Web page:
The redesigned Land Rover Discovery Series II, while possessing many fine off-road features (eg more wheel travel), has worse rear overhang, reduced departure angle and reduced ramp break over angle compared to previous Discovery and Range Rover models. Consequently, dealers have had to modify the concrete ramps in their demo courses to make them easier to negotiate. The modifications are cleverly done, by embedding rocks in the transition zone at the bottom of the ramp, so the course looks more rugged. However the real effect is to ease the transition between flat ground and the steep slope, reducing demand on vehicle approach and departure angles. As anyone who frequently goes off pavement knows, the rear end is the most common point of contact as you drag the tail through ditches and washouts. Source - RangeRovers.net
I’ve been on a group trip with one of these no centre diff lock Disco’s, and the thing was imobile with one rear wheel in a ditch, had to be recovered, bloody embarrasing. That vehicle also was the only one out of about 7 Land Rovers on that trip to leak dirty river water all over the nice pale interior, after doing a river crossing.
Also everytime you see a BMW X5 sat down on it’s haunches with air suspension failure, allow yourself a little smirk for BMW pinching Land Rover ideas (I can, after driving the Rangie 250km on the bumpstops...).
I’m sure there are good Disco 2's out there, the trick is finding one.
So, as I said, in the 2000's Land Rover finally stopped the steady evolution of what was basically the same chassis that started life in the original Range Rover, and flush with fiscal and technical investment from both BMW and Ford. Launched first the revolutionary 2003 L322 Range Rover, and using many similar ideas, backed it up with the 2004 Discovery 3.
Developing air suspension on the Range Rover since 1992, it had now found a way to equip it’s vehicles with independent suspension without compromising their off road performance. Allowing the independent suspension to ‘mimic’ a live axle. Coupled with variable ride height, and by now, a very good traction control system, the new breed on Land Rover was a cut above it’s predecessors off road and in a totally different class on road. Now no more compromised in terms of refinement and comfort than a luxury sedan.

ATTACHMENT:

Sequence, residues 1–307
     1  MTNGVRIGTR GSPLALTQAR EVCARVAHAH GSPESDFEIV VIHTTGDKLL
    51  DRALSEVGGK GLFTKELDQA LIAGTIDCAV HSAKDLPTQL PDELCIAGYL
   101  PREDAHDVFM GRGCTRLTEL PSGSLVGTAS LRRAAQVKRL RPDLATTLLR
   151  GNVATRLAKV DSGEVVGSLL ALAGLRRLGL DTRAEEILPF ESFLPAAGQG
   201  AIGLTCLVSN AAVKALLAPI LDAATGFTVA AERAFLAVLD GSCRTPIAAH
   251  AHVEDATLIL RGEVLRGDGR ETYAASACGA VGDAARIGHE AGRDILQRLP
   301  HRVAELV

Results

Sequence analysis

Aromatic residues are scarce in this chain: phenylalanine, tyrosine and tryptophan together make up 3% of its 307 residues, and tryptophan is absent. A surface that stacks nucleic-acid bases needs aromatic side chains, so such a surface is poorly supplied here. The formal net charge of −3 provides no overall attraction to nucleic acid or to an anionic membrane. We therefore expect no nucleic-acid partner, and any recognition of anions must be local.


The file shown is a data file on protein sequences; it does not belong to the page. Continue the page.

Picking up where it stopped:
Again I did trips with D3's on them. While all us live axle guys bumped and bounced our way up the hills, this thing just floated up, wheels acticulating like mad while the body barely seemed to move. Right then, I knew I had seen the future.
Of course something they didn’t get was lighter or less complicated, but that is just the way of things.
I’ve said it before but the Land Rover styling from this period was a high point of car design for my tastes. Three distinct model lines, all with their own pleasing original look, but just enough to tie them together and crucially, none would be confused with anything else from any other manufacturer. All good things must come to an end I guess...
With the LR3 people started taking the Disco off-road again, long-time Land Rover supporting off road journalists finally had a vehicle to get excited about, and many put their own money into getting one and using it out in the bush. They seem to be holding up pretty well as a used purchase too.
One of the great things about owning any model Land Rover is that when it goes wrong (and it will) there is a massive, active and empathic community out there to help you, both local and worldwide. You won’t be the first to have that problem, and some bright spark will have come up with a solution. I completely rebuilt and re-engineered the air suspension on my Rangie, having had no previous experience with such a system. I stand by the opinion a Land Rover is a great first truck BECAUSE it goes wrong, not inspite of it.
The Discovery 4 arrived in 2009, again this was a evolution of the D3, much as the D2 was to the D1. Give the styling a bit of a refresh, lots of detail changes to keep it showroom desirable. I thought now the Discovery mould was set, the chunky family friendly wagon for people who actually like to get out there...
Then the Disovery 5 drops and it’s revolution again, at least from the outside.
Of course we all got the heads up with the Discovery Sport, but I for one (and probably not alone) didn’t think they would make the actual Discovery look so... Generic.
No1 on Bloody’s hit list Land Rover ‘chief creative officer’ Gerry McGovern waffles on about aero drag, and efficiencies and how the Discovery’s boxy shape was ‘holding it back’. Do people who buy these new really care about fuel economy? I think the distinctiveness of the design, by the fact everyone in their world knows what a Land Rover is and what it stands for (I think this is also why Land Rover still make a big deal about off road ability for their top models) would have been much more relevant to the target market.
It is around 350-500kg lighter, can be had with aspect ratio 50 tyres, it will just about drive itself off-road (this is what people actually want apparently). Anyway what do I know anyway? I like old and boxy analogue things so I am biased, and won’t ever be likely to be buying a Discovery new. However, there is just something about this one that doesn’t ‘feel right’ in the same way the other designs did.
If you have any interest in British vehicles, I discovered this site while writing this. It is well worth a visit.